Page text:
Radiational Liquid Food Colorings (Liquid Dye)
- What it’s made out of: Synthetic colorings with a water base.
- How it’s sold: Little squeeze bottles, usually plastic.
- How to use it: Just add drop by drop into whatever you’re food coloring. Can be mixed with vinegar to dye Easter eggs.
- Pros: Easy-to-find in any grocery store and inexpensive; good when you’re looking for lighter, more pastel coloring.
- Cons: The least intense and weakest of all the food colorings since it is water-based, meaning you will need to use more of it to achieve a brighter or deeper color. If you use a significant amount, the extra liquid has the potential to thin out and/or throw off a recipe.
Liquid Gel Dye
- What it’s made out of: Synthetic coloring with a water, glycerine and/or corn syrup base.
- How it’s sold: Small dropper bottles that contain a thick gel-like liquid.
- How to use it: Use the dropper and start with small amounts since it’s so concentrated. It’s best in candy, red velvet cake, and icing.
- Pros: The color in liquid gel dye is more concentrated than traditional liquid food colorings, so you need less, which is important in recipes where you want to minimize the amount of liquid added (such as in candy or icing recipes). Since you need less, there is less of a chance the coloring with adversely flavor the food too.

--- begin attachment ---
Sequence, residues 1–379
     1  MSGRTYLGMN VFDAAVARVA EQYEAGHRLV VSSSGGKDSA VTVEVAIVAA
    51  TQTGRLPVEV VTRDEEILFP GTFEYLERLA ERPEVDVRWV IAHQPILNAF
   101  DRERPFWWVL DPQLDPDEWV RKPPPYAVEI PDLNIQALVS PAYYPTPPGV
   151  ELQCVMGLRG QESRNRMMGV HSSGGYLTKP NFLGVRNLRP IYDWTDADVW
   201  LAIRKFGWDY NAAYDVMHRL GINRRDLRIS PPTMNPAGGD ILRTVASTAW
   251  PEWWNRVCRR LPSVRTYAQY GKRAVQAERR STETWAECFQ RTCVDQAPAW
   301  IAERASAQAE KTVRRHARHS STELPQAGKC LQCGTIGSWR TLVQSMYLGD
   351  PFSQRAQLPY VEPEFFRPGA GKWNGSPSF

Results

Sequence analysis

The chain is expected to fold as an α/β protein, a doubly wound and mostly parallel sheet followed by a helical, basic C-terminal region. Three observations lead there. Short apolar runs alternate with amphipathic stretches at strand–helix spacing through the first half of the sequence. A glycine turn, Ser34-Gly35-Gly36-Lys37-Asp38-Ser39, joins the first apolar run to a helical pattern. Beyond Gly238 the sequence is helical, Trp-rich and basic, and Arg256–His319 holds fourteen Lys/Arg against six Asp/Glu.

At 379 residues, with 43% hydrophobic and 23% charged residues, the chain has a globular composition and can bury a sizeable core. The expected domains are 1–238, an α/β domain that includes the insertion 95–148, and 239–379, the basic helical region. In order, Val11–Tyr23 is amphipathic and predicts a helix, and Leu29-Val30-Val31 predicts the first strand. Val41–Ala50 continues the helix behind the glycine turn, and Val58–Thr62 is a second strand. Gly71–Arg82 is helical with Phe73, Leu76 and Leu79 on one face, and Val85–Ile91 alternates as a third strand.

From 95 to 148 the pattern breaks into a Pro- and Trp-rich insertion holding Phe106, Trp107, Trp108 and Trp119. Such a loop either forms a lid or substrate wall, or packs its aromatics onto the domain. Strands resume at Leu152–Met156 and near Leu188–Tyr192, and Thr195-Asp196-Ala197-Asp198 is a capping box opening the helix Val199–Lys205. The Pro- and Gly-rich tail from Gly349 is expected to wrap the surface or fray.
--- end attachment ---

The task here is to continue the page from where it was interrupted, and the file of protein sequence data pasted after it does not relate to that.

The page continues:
- Cons: Harder to find. Because of its thick texture, liquid gel dye can be harder to incorporate into thick or stiff doughs.
Gel Paste Dye
(Sometimes labeled icing color or concentrated gel)
- What it’s made out of: Synthetic food coloring with a water, glycerine and/or corn syrup base.
- How it’s sold: Little pots or jars.
- How to use it: Gel paste dye is an even more concentrated form of liquid gel dye. It’s best to dip a toothpick in the paste and add very small amounts each time, as it is extremely effective in coloring.
- Pros: You only need a small amount, so it can be slightly less messy than using dropper bottles. It is usually available at cooking stores or online. Gel paste dye is very effective in dyeing a large amount of batter (like cake batters) and produces dark, saturated colors.
- Cons: It’s easy to add too much coloring, which cannot be undone. Some people don’t like the taste of the red dyes, but you can usually find ones labeled “no-taste.” Since it’s even thicker than liquid gel dye, it can be also harder to incorporate into stiff doughs.